# Computational Finance and its Object Oriented Implementation (with Application to Interest-Rates and Hybrid Models)

Prof. Dr. C. Fries, Niklas Weber

Prof. Dr. C. Fries, Niklas Weber

Events | Date/Time | Room |
---|---|---|

LecturesProf. Dr. Christian Fries | Kickoff lecture: Thu 17 October, 14:00-16:00 | online |

Exercise ClassesNiklas Weber | Wed, 16:00-18:00 First exercise class: TBD | Room B121 (Quantlab) Selected dates online |

Group Collaboration Project Review | TBD (usually after written exam) | |

Final Written Exam | TBD (usually in the week 10.02 - 14.02) |

**The course will be organised via Moodle where you can log in using your LMU e-mail address (@campus.lmu.de). If you wish to participate, please sign up by sending an e-mail from your LMU e-mail address to Niklas Weber**.

**The course will be based on lecture videos and graded coding assignments during the semester. Videos are uploaded weekly and we recommend watching them in the former lecture slots (Thu: 14-16, Fri: 8-10). The exercise sessions allow for interaction and will focus on discussing the assignments and additional exam preparation.**

**Content**

This lecture discusses the interplay of Theory, Modelling, Numerical Methods and Implementation in Mathematical Finance.

All aspects learn from each other: one needs to understand the theory to build models and good implementations. Studying numerical experiments gives deeper theoretical insight. Using the computer to understand math can be fun!

We discuss how to build an industry-grade implementation of our models and allow future extensions while being efficient. We discuss practical applications in the financial industry.

The lecture tries to be as self-contained as possible, but we will use some numerical methods developed in a previous course. We will start with a short recapitulation of the numerical methods needed for those who did not follow the last lecture. It is possible to consider most of these parts as “given” (“black box”). Don’t panic: We will assist you.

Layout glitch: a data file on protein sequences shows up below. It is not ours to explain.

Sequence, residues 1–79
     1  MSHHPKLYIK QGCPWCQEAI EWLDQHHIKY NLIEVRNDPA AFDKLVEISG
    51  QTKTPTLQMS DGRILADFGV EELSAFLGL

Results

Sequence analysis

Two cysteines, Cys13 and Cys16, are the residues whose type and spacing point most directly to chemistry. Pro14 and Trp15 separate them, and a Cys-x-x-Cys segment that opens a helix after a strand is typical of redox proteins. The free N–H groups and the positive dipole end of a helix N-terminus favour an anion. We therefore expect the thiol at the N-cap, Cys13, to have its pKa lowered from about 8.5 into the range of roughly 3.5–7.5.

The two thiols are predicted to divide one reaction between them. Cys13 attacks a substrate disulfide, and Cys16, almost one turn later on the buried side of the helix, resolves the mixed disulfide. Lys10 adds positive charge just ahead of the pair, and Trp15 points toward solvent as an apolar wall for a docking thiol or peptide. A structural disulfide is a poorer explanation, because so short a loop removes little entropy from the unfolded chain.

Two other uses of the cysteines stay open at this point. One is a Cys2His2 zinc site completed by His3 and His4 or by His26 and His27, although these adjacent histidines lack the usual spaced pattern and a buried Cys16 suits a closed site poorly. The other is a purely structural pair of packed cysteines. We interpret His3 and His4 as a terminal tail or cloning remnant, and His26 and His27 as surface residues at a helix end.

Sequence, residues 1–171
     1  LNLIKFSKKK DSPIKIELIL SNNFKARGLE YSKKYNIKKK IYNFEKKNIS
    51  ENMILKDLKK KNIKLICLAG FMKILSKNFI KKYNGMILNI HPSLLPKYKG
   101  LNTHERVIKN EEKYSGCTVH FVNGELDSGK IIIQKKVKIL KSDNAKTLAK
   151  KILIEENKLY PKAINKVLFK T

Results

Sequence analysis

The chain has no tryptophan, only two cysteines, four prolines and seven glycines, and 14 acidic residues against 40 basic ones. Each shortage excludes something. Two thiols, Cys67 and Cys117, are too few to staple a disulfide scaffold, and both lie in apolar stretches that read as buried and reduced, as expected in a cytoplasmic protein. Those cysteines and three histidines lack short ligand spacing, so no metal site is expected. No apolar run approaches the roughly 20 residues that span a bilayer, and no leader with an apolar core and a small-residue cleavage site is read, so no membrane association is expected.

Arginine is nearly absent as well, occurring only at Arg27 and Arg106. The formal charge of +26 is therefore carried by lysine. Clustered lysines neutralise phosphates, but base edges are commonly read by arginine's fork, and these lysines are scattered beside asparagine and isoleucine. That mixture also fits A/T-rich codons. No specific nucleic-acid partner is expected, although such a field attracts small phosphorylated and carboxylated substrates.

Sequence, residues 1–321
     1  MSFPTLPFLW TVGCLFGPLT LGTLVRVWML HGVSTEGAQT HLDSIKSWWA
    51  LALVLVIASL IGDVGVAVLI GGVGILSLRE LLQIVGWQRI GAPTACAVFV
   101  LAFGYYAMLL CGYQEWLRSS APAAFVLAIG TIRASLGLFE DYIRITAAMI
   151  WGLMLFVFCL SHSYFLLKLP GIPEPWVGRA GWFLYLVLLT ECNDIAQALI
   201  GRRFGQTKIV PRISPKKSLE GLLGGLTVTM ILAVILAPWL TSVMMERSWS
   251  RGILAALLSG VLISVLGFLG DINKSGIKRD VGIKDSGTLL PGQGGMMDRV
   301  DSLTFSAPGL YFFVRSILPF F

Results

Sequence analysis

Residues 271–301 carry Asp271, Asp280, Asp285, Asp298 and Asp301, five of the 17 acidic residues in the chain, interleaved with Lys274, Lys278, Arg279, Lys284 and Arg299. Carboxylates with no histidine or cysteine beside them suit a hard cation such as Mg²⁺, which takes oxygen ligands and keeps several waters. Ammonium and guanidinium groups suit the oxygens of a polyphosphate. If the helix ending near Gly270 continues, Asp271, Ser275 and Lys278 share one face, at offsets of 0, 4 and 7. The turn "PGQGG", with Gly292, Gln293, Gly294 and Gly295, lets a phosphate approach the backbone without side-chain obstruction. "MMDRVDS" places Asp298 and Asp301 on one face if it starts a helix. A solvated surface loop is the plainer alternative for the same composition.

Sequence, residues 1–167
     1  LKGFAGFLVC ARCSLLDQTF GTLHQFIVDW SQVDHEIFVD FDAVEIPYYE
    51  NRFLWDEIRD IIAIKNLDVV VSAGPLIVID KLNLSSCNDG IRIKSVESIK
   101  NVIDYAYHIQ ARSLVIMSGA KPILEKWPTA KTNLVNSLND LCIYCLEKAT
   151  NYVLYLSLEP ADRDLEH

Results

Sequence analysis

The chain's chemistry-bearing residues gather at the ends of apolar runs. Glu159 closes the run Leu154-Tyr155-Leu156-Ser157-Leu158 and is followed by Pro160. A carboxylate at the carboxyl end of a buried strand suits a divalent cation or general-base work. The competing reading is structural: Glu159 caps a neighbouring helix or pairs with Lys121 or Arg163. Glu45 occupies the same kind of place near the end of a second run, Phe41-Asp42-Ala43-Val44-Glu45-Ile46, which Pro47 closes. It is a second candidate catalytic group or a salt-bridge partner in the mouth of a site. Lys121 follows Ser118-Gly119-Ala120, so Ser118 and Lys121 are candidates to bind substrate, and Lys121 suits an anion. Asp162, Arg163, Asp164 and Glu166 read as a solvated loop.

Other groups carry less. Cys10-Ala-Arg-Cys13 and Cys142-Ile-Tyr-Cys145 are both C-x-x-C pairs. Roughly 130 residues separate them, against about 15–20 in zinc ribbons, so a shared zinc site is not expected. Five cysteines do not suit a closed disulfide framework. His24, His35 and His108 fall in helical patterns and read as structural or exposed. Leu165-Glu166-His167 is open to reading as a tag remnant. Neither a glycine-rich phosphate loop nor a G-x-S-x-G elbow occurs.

The lecture will discuss the theory and application of some prominent methods and models from mathematical finance. We focus on interest rate and hybrid models with high relevance for the financial industry. In an excursion, we consider a climate model (DICE), extend it and combine it with our interest rate models.We will then use our implication to gain a deeper understanding of the theoretical properties of the model.

If time permits, we conclude the lecture by discussing running our models in a cloud.

**Tentative Agenda**

- Recapitulation (Monte-Carlo Method, SDEs, etc.)
- Interest Rates, Linear Interest Rates Products
- Multiple Interest Rate Curve Modelling and its Implementation
- Interest Rate Options, Convexity Adjustment
- Discrete Term-Structure Models (formerly known as LIBOR Market Models) and their Implementation
- Model Calibration
- Valuation of Complex Derivatives
- Object Oriented Implementation, Definition of Model Interfaces

- Short Rate Models and their Implementation
- Climate Models
- Numerical Methods in the Context of Mathematical Finance
- Model Calibration: Optimization and Root-Finding
- Correlation Modelling: Prinzipal Component Analysis and Factor Reduction, Regression Methods

- IT Implementation of Models, e.g. in the Cloud

- revision control systems (git)
- unit-testing (junit)
- build management (maven, gradle)
- continuous integration (TravisCI, Jenkins)

**Target Participants**: Master students in Mathematics or Financial and Insurance Mathematics.

**Pre-requisites**: The lecture requires some basic knowledge on stochastic processes. The knowledge of an object oriented programming language is advantageous. Although the lecture tries to be ”self-contained” whenever feasible, the knowledge of the previous courses (”Numerical Methods in Mathematical Finance” or ”Introduction to Interest Rates and the LIBOR Market Model” and our ”Introduction to Java”) will be useful.

**Applicable credits**: Students may apply the credits from this course to:

- WP15 or WP23 for the Master Finanz- und Versicherungsmathematik PO 2019
- WP14 or WP22 for the Master Finanz- und Versicherungsmathematik PO 2021
- WP28 or WP26 for the Master Mathematik

[2] Brigo, Damiano; Mercurio, Fabio: Interest Rate Models - Theoryand Practice. Springer-Verlag, Berlin, 2001. ISBN 3-540-41772-9.

[3] Baxter, Martin W.; Rennie, Andrew J.O.: Financial Calculus: An introductionto derivative pricing. Cambridge University Press, Cambridge, 2001. ISBN 0-521-55289-3.

[4] Eckel, Bruce: Thinking in Java. Prentice Hall, 2003. ISBN 0-130-27363-5.

[5] Hunt, P.J.; Kennedy, J.E.: Financial Derivatives in Theory and Practice. John Wiley&Sons, 2000. ISBN 0-471-96717-3.

[5] Oksendal, Bernt K.: Stochastic differential equations: an introduction with applications. Springer-Verlag, 2000. ISBN 3-540-64720-6.